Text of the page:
Thursday, February 24, 2011

Storing Passwords in Databases

In the last few weeks/months there have been a couple high-profile computer breaches in the news. One was at Plenty of Fish, an online dating website. The second was at HBGary, a computer security company (ah, the irony).

Plenty of Fish made a major security mistake. They stored passwords in their database in plain text. This means, if you had access to their database (legitimately or through a SQL injection vulnerability) you could see anyone's password. And this is typically a big security no, no. Passwords should always be hashed before being stored in a database.

Hashing is a one-way encryption that prevents a password (or any character string) from being un-encrypted. So, when a user logs in, you hash their entered password and compare it against the hashed password in the database. If they match, the password is the same. It is simple AND safe.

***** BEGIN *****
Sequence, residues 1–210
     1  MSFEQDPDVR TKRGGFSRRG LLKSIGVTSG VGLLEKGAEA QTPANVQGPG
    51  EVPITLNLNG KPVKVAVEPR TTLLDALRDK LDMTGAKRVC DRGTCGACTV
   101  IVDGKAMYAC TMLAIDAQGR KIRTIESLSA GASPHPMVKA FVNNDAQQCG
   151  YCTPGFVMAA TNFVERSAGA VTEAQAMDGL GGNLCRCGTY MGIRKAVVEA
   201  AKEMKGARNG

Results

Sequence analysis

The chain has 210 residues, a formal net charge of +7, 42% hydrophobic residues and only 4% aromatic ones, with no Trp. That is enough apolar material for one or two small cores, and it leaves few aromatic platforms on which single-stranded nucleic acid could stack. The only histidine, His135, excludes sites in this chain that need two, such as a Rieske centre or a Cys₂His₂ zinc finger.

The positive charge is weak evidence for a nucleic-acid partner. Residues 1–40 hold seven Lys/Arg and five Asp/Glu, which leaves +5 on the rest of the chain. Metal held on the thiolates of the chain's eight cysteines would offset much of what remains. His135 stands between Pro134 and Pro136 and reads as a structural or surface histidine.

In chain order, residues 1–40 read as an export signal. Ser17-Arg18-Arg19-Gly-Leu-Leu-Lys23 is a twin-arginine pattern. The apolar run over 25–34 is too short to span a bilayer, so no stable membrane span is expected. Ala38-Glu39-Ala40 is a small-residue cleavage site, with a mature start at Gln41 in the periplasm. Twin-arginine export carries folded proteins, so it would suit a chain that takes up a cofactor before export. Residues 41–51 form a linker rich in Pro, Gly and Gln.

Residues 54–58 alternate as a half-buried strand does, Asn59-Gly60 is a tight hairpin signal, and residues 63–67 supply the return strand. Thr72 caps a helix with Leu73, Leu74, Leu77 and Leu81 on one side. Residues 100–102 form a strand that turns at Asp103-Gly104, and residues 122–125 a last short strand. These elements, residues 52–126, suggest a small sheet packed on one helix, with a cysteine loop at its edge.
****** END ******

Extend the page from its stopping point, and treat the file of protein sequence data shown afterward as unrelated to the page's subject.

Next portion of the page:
Two particular hashes are quite popular. SHA1 and MD5. Although they are beginning to be a bit dated now and, if I remember correctly, MD5 has been shown to have some vulnerabilities. Some of the more recent hashes are SHA256 and SHA512. (Use the hash function to implement them in PHP.)

Over at HBGary, the "security" firm, they actually did use hashes to store passwords. They used the common MD5 hashing algorithm. The problem with their implementation, is that they added nothing to the password before hashing it. This is an issue because people have created massive online collections of auto-generated hashes from between 1 and 12 characters (typically). So, if you have a hash, and you're a hacker, you look up the hash in this table and (if it is a normal-sized password) it will likely be found.

The best way to make this look-up table irrelevant is to add a set of constant, known characters to the password before the hashing takes place. This technique, called adding "salt" to the password, will create an extra long password, that will never show up in a look-up table. Why? Because it would take more than a lifetime to compute look-up tables that long. Hashing is an expensive operation, in terms of CPU cycles, and the longer the original text, the longer it takes to compute.

If you are building a website, and you have passwords to store, remember: salt & hash. Mmmm, sounds tasty!

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